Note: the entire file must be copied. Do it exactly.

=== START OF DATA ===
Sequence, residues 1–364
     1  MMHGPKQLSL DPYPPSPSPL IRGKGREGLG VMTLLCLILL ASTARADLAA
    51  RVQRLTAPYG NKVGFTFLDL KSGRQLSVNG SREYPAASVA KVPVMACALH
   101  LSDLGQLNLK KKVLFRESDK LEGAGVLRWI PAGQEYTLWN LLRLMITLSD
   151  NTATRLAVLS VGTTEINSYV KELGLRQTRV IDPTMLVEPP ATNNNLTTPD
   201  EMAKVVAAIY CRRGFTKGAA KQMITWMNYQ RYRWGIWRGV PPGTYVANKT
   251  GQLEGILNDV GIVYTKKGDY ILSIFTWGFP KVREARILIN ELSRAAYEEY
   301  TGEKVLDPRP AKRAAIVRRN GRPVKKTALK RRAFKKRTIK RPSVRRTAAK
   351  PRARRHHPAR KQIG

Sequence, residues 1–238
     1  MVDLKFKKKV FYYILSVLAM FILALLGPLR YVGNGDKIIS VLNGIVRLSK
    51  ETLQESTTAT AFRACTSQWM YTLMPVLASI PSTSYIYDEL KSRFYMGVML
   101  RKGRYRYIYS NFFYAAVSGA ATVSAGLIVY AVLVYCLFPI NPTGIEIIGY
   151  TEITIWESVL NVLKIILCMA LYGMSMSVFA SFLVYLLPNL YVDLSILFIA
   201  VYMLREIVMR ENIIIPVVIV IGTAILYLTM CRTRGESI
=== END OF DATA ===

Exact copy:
Sequence, residues 1–364
     1  MMHGPKQLSL DPYPPSPSPL IRGKGREGLG VMTLLCLILL ASTARADLAA
    51  RVQRLTAPYG NKVGFTFLDL KSGRQLSVNG SREYPAASVA KVPVMACALH
   101  LSDLGQLNLK KKVLFRESDK LEGAGVLRWI PAGQEYTLWN LLRLMITLSD
   151  NTATRLAVLS VGTTEINSYV KELGLRQTRV IDPTMLVEPP ATNNNLTTPD
   201  EMAKVVAAIY CRRGFTKGAA KQMITWMNYQ RYRWGIWRGV PPGTYVANKT
   251  GQLEGILNDV GIVYTKKGDY ILSIFTWGFP KVREARILIN ELSRAAYEEY
   301  TGEKVLDPRP AKRAAIVRRN GRPVKKTALK RRAFKKRTIK RPSVRRTAAK
   351  PRARRHHPAR KQIG

Sequence, residues 1–238
     1  MVDLKFKKKV FYYILSVLAM FILALLGPLR YVGNGDKIIS VLNGIVRLSK
    51  ETLQESTTAT AFRACTSQWM YTLMPVLASI PSTSYIYDEL KSRFYMGVML
   101  RKGRYRYIYS NFFYAAVSGA ATVSAGLIVY AVLVYCLFPI NPTGIEIIGY
   151  TEITIWESVL NVLKIILCMA LYGMSMSVFA SFLVYLLPNL YVDLSILFIA
   201  VYMLREIVMR ENIIIPVVIV IGTAILYLTM CRTRGESI